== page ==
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No, Economists Don’t Agree a 70 Percent Top Marginal Tax Rate Is a Good Idea


Economic commentators
Matt Yglesias
Paul Krugman
, and
Noah Smith
believe Rep. Alexandria Ocasio-Cortez’s (D-N.Y.)
call for a 60 to 70 percent top marginal income tax rate is
uncontroversial. According to all three, the New York Democrat’s
proposal simply reflects the consensus of mainstream economics.

Their argument rests on two historical factoids. The first is
that the rich paid higher taxes in the 1950s, and the economy grew
just fine. The second “fact” is that an array of economists, from
Nobel Prize winner
Peter Diamond
, to
Thomas Piketty
Emmanuel Saez
, have produced peer-reviewed research showing
combined marginal rates as high as 70 to 80 percent are

But dig into these
three papers, and you’ll find the
results reflect philosophy as much as economics. These economists
think they can plan the distribution of income to maximize “social
welfare.” But they arrive at the decision to impose extremely high
top marginal tax rates because they uniformly decide to put almost
zero weight on the welfare of the rich.

That means the sole aim of this cluster of economists is to
maximize revenue collected from high earners in order to transfer
to others. Presuming we could design a tax system from scratch that
eliminates the possibility of people avoiding taxes or hiding or
reclassifying income, they estimate the single combined marginal
tax rate that would generate maximum revenue to “soak the rich.”
Incorporating other wishful thinking about how the rich respond to
taxes, these economists wind up calculating that the “optimal” top
tax rate is about 70 percent, if you are also willing to
imagine closing off special treatment for capital gains and the
possibility of incorporation.

The astute reader can probably see some problems with
extrapolating from this theoretical calculation.

First, what if one thinks the welfare of the rich is actually an
important policy consideration? According to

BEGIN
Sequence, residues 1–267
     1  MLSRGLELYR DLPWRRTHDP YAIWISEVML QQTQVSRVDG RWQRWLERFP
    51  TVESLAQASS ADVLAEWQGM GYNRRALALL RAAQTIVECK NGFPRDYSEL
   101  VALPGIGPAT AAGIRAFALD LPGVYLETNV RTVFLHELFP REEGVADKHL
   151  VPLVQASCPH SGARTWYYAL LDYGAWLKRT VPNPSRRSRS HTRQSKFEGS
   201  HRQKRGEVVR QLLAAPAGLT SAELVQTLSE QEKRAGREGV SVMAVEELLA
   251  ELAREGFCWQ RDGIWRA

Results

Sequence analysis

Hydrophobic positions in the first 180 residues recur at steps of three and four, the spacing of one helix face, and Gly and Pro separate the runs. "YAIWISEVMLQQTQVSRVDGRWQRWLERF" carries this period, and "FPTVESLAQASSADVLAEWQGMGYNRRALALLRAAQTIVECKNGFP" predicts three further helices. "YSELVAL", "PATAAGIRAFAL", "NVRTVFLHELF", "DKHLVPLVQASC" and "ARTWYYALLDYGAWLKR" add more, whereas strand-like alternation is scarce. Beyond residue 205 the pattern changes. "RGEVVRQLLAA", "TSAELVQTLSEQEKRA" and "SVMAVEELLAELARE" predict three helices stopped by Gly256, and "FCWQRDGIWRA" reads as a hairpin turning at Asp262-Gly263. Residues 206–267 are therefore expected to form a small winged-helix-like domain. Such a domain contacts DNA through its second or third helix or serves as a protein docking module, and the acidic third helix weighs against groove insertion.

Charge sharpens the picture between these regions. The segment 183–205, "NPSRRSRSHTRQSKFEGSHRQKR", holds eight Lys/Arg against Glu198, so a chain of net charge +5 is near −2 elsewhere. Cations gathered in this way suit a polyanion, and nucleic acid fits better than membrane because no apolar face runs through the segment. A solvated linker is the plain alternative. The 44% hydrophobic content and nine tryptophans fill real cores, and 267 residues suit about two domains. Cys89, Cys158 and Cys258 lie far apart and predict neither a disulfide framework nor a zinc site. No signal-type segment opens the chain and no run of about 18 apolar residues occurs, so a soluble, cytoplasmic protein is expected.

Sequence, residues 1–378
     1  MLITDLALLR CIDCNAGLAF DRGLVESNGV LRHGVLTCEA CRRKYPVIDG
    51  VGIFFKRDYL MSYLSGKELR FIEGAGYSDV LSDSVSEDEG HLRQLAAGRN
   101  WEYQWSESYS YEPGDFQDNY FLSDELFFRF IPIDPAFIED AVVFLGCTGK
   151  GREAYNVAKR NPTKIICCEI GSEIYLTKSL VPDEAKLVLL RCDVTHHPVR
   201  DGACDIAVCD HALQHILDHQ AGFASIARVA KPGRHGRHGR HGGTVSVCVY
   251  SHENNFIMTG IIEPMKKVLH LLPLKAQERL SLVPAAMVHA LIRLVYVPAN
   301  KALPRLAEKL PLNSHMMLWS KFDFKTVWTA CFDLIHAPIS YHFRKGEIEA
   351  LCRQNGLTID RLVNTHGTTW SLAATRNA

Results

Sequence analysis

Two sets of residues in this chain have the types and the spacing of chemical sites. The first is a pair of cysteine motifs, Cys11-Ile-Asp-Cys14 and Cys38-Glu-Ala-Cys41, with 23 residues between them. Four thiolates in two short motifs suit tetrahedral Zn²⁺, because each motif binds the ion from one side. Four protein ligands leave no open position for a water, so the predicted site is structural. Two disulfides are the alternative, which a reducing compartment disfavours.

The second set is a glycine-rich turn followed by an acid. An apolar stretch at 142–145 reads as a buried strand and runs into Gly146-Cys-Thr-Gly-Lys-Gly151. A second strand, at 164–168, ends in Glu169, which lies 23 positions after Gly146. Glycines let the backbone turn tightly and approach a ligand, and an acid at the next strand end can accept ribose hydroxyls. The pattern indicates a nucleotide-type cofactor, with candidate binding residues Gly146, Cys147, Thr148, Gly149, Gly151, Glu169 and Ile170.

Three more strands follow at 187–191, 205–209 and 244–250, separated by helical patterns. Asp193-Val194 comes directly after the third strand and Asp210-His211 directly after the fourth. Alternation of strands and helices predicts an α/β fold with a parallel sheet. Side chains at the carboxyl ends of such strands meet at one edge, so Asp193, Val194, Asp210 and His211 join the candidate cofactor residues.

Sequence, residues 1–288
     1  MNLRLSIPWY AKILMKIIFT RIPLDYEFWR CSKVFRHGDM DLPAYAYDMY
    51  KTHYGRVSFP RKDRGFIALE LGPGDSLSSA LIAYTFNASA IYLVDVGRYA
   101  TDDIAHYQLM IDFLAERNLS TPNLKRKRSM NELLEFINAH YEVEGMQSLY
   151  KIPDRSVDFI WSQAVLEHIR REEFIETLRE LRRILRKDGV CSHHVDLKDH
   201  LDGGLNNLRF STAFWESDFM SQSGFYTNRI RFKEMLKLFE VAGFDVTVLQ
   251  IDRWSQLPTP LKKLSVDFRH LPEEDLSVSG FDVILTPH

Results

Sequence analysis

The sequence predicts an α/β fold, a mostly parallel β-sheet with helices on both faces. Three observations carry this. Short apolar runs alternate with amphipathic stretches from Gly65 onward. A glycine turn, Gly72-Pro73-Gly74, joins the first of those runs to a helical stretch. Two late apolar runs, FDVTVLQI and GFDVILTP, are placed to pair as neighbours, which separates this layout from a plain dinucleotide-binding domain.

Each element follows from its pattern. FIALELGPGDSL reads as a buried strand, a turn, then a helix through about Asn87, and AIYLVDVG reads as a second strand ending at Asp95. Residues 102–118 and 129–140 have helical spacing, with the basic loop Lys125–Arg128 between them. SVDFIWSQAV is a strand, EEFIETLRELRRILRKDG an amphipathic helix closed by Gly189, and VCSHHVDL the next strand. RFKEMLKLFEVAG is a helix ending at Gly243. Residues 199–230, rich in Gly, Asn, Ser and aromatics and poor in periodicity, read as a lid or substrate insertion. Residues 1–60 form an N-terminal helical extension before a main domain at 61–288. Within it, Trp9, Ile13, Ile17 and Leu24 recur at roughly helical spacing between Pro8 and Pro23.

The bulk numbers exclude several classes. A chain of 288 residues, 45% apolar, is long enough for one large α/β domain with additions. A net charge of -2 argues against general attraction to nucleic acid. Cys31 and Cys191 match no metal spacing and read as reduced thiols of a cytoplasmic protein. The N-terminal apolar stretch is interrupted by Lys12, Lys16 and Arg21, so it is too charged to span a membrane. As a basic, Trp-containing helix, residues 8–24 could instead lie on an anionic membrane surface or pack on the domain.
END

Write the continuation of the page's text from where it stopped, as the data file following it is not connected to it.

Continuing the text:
a paper by Jonathan Gruber and Emmanuel Saez
, if we instead
pursued a “compassionate conservative” agenda—caring about
the very poor a bit more than others in society, but everyone else
equally, the optimal top rate might be as low as 30 percent. If we
were philosophically opposed to redistribution altogether, the
optimal rate tumbles to 3 percent. What counts as optimal varies
tremendously based on the philosophical assumptions the economist
starts with.

Second, what if we were not able to redesign the tax code to
eliminate avoidance? A 73 percent rate, the optimal rate calculated
by Diamond and Saez in 2011, is a combined rate (not just a
marginal federal income tax rate, as Ocasio-Cortez seems to be
proposing) that assumes we eliminate all deductions and exemptions.
If we presume instead that the current deductions and exemptions
continue, and high earners were as responsive to tax rates today as
they were in the ’80s, then the supposed optimal combined tax rate
falls to 54 percent. After state, local, sales, and other taxes are
taken into account, this translates to a top federal income tax
rate of 48 percent—much higher than today’s rate of 37
percent, but nowhere near the 60 to 70 percent rate advocated by
Ocasio-Cortez. (Also notable:
Phil Magness
Nick Gillespie
have shown, very few people actually paid the
highest rates in the 1950s, precisely because deductions and
exemptions existed that these economists assume we’d be able to

Third, these sorts of analyses tend to focus on (a) the very
short-term, and (b) what to do with income after it’s been
produced. They do not ask why we receive income in a market
economy. (Answer: because we produce something someone else wants
or needs, generating consumer surplus.) The idea that the value of
rich people to the rest of society solely rests on their tax
contributions, as Krugman implies, is bizarre. In fact, the risk
that higher tax rates might deter entrepreneurial activity by
reducing the future payoff to innovation should worry us greatly.

The economist Charles Jones
thinks that incorporating this
effect into the model might lower the optimal tax rate to 28
percent, simply because innovations—think Uber,
Amazon—deliver huge gains to everyone.

This all might seem technical and theoretical, but it matters.
Most of the venerated papers that seem to support super high tax
rates for top earners assume we share progressive preferences, that
we can implement a new wholly combined tax system (or hike other
taxes) to eliminate the possibility of any form of tax planning,
and that these huge tax hikes won’t have longer term effects on
growth or human capital accumulation.

Given all this, Krugman, Yglesias, and Smith could easily have
said, “There’s a progressive case, grounded in economics, for major
tax reform, eliminating all deductions, and having one single
progressive tax with very high rates, especially on top earners.”
But they could instead have said, “There’s a progressive case,
grounded in economics, for modestly higher top tax rates within the
current code.” But they cannot claim simultaneously that
Ocasio-Cortez’s big idea merely echoes the 1950s and that
her recommendation is backed up by these economists.

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